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PLoS One. 2014 Jun 13;9(6):e100072. doi: 10.1371/journal.pone.0100072. eCollection 2014.

Daily changes in temperature, not the circadian clock, regulate growth rate in Brachypodium distachyon.

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  • 1Biology Department, University of Massachusetts, Amherst, Massachusetts, United States of America; Molecular and Cellular Biology Graduate Program, University of Massachusetts, Amherst, Massachusetts, United States of America.
  • 2Molecular and Computational Biology Section, University of Southern California, Los Angeles, California, United States of America.
  • 3Biology Department, University of Massachusetts, Amherst, Massachusetts, United States of America.

Abstract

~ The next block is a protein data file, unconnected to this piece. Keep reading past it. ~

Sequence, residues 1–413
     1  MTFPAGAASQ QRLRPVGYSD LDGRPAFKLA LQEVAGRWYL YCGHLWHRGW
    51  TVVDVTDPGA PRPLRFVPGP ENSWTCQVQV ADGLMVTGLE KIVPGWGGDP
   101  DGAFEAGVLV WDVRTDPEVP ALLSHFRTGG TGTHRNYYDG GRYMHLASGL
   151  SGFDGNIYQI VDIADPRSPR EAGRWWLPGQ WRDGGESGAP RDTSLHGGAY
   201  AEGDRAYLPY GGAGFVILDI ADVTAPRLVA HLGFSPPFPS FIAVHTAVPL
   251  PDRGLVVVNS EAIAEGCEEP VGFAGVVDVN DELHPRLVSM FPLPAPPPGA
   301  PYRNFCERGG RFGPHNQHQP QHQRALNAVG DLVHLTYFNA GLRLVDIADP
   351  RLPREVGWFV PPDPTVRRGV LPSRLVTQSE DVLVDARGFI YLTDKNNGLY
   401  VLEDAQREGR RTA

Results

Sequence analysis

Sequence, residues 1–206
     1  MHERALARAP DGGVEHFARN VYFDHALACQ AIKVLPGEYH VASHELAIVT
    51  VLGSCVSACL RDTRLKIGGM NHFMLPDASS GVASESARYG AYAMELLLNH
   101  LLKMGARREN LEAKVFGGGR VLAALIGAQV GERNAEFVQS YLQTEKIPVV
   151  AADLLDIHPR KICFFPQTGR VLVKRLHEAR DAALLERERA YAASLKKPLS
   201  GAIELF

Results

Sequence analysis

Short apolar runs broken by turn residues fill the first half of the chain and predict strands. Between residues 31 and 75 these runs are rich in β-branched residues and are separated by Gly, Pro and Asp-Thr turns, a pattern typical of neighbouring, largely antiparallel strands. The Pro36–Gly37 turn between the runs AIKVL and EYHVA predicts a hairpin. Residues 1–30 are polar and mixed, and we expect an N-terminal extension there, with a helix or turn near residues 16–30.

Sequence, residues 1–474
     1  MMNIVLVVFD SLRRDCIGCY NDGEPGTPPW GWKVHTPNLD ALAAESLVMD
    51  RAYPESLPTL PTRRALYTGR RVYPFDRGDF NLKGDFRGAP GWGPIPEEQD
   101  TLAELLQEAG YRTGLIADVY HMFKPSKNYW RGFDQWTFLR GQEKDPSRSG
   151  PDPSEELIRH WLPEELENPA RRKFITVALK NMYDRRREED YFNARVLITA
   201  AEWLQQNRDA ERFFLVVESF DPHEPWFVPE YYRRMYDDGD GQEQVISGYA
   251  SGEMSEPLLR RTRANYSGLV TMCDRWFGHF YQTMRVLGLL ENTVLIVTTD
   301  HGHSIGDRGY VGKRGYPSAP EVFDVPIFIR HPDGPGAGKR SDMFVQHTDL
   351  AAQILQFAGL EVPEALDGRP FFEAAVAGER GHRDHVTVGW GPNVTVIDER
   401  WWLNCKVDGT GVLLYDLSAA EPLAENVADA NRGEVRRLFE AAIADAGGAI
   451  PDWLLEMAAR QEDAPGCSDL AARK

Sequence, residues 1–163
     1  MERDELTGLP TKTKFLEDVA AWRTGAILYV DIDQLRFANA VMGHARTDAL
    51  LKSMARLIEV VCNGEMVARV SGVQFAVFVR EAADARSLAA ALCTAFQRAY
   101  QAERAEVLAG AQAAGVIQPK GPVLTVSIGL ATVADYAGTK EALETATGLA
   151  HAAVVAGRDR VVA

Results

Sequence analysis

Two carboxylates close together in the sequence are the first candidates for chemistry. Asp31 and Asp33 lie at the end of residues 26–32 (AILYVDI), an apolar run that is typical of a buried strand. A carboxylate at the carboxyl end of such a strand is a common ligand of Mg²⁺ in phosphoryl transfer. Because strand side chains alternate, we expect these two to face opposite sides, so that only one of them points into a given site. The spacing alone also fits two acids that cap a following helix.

Plant growth is commonly regulated by external cues such as light, temperature, water availability, and internal cues generated by the circadian clock. Changes in the rate of growth within the course of a day have been observed in the leaves, stems, and roots of numerous species. However, the relative impact of the circadian clock on the growth of grasses has not been thoroughly characterized. We examined the influence of diurnal temperature and light changes, and that of the circadian clock on leaf length growth patterns in Brachypodium distachyon using high-resolution time-lapse imaging. Pronounced changes in growth rate were observed under combined photocyles and thermocycles or with thermocycles alone. A considerably more rapid growth rate was observed at 28°C than 12°C, irrespective of the presence or absence of light. In spite of clear circadian clock regulated gene expression, plants exhibited no change in growth rate under conditions of constant light and temperature, and little or no effect under photocycles alone. Therefore, temperature appears to be the primary cue influencing observed oscillations in growth rate and not the circadian clock or photoreceptor activity. Furthermore, the size of the leaf meristem and final cell length did not change in response to changes in temperature. Therefore, the nearly five-fold difference in growth rate observed across thermocycles can be attributed to proportionate changes in the rate of cell division and expansion. A better understanding of the growth cues in B. distachyon will further our ability to model metabolism and biomass accumulation in grasses.

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